You know how it goes. You’re out with a friend, enjoying a coffee or, perhaps, a meal. Mid-chat their smartphone, which is resting on the table, starts vibrating. Your conversation hits rocky ground as they glance furtively at their phone and then back to you. You know you’ve lost them. You stall. “D’you wanna…” you say, throwing the handset a quick look. “I’ll just quickly…” your friend responds.
They grab their phone, tap out a text, or perhaps make a quick call. Or a fairly long one. Phone back on table. “Now, where were we?”
Or perhaps it’s you. Perhaps you’re the phubber – someone who snubs others in a social setting by engaging with their handset at inappropriate moments. Sound familiar?
Ever since phones came out of the house and into our pockets, phubbing has been a problem, even more so since the all-singing all-dancing smartphone came on the scene.
For one man, Australian Alex Haigh, it’s all become too much. The 23-year-old Melbourne resident, presumably the victim of phubbing more times than he cares to count, has recently started a campaign in an effort to end the offensive behavior.
Haigh’s Stop Phubbing campaign includes a website packed with ideas on how you can do your bit to fight phubbing and once again make social gatherings occasions that focus on the people who are there rather than those who aren’t.
The Stop Phubbing website includes a mountain of material for activists, from anti-phubbing wedding place cards to posters for owners of restaurants and bars warning patrons not to phub while on the premises. There’s even The Phubbing Hall of Shame where you can upload photos of friends mid-phub.
The site also features a pile of amusing stats – “if phubbing were a plague it would decmiate 6 Chinas” and “92 percent of repeat phubbers go on to become politicians” among them – as well as a gallery of celebrity phubbers.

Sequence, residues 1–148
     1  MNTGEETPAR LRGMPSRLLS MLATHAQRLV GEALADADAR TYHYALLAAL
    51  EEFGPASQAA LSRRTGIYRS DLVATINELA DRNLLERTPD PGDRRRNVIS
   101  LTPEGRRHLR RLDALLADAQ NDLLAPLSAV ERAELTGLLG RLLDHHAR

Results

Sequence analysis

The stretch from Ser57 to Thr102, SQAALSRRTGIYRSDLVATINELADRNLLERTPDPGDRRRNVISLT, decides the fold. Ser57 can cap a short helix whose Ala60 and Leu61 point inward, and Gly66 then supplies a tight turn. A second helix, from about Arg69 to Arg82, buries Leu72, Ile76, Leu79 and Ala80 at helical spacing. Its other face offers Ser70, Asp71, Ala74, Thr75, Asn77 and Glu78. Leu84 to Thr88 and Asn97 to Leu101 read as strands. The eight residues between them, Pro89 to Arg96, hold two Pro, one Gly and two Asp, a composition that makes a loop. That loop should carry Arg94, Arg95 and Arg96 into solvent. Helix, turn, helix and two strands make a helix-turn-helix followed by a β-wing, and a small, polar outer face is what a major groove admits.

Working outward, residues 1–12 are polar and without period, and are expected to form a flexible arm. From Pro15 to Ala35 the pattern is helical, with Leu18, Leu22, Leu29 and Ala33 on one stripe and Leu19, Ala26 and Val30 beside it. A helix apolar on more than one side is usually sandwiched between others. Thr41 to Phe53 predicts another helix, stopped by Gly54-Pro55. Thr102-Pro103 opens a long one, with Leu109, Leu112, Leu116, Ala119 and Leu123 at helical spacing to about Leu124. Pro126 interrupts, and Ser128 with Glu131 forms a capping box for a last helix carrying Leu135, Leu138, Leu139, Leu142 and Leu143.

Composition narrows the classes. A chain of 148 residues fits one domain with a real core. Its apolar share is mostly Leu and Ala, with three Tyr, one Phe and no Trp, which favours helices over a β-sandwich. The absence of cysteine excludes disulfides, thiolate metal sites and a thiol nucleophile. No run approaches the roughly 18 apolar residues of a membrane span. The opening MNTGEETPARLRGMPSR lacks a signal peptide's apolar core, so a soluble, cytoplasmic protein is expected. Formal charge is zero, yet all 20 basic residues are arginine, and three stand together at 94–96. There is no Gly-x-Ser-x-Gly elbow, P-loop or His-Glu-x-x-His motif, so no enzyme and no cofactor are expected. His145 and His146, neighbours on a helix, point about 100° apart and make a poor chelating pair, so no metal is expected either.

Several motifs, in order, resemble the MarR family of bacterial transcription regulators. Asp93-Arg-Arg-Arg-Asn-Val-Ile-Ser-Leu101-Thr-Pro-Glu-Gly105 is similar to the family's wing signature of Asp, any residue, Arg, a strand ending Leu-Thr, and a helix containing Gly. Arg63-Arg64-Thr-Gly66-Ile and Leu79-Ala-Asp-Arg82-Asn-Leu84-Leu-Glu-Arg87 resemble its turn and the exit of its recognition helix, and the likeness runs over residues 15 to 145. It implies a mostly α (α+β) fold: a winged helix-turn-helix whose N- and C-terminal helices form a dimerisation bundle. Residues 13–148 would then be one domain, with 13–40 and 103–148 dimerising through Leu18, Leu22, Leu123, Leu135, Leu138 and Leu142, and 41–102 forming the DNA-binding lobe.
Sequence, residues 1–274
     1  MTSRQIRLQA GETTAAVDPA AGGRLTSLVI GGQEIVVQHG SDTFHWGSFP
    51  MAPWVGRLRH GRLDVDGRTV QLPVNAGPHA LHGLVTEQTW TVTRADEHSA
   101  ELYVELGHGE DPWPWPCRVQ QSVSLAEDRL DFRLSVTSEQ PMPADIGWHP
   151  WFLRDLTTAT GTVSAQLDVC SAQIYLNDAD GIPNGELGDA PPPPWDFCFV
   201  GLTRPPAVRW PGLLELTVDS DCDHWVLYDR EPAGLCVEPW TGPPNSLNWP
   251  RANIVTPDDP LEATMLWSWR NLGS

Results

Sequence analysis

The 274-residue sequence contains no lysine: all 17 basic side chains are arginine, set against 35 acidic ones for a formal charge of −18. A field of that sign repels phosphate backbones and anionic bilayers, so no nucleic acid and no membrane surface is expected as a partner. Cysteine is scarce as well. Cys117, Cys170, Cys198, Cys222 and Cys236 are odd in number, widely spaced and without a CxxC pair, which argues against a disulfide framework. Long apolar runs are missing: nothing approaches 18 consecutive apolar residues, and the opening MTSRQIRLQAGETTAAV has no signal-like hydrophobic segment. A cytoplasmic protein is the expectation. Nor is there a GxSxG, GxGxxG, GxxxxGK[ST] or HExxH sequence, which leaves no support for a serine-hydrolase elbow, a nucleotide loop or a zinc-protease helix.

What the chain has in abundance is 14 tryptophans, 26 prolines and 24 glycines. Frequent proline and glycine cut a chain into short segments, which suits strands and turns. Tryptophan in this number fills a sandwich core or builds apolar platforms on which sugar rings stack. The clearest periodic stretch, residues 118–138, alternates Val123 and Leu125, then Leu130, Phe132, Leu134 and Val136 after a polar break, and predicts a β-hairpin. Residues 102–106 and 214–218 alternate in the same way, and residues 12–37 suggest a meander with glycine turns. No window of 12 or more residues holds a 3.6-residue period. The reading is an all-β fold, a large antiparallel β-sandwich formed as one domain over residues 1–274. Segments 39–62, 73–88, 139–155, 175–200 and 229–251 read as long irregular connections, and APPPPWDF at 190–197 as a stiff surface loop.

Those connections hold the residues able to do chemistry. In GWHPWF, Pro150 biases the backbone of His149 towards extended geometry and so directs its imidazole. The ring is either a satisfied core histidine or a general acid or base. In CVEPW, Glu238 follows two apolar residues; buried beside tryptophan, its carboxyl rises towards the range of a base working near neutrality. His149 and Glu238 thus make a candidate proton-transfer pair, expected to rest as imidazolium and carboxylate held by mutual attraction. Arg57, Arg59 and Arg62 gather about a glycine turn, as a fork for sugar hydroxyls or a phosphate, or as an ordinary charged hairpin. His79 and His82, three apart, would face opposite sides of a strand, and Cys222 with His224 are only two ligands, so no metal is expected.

Haigh isn’t the first person, and surely won’t be the last, to take on the antisocial act of phubbing. Californian Brian Perez last year came up with the Phone Stack game where diners all put their smartphones in a pile in the middle of the table. The first person to reach for their handset loses the game and has to pay for everyone’s meal.
And then there’s the LA restaurant that last year started offering diners a five percent discount on their meal if they handed over their phone before they took their seat. More recently, ad agency Fischer & Friends came up with the idea of the Offline Glass in an effort to tackle the situation.
Even if any of these initiatives help to reduce phubbing, there’s a serious challenge on the way – smartwatches. For if this device, many of which will pair with a smartphone, really takes off in the next year or two, incidents of phubbing could go off the charts. You might miss a buzz or a beep when your phone’s tucked away in your bag, but when a device on your wrist vibrates, how many people will be able to resist checking the notification….before grabbing for their bag?
[Images: Stop Phubbing]
- How to use WhatsApp
- How to unlock your iPhone to use it with another carrier
- Motorola Razr (2020) vs. Motorola Razr (2019)
- You’ll be ordering food with QR code menus long after the pandemic ends
- Apple has a simple solution for unlocking an iPhone without using FaceID